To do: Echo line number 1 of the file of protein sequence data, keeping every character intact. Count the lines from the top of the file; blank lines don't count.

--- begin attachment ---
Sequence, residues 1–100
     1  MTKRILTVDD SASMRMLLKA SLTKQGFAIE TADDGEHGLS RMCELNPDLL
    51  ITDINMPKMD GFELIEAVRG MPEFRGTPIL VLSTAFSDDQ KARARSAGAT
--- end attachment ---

Sequence, residues 1–100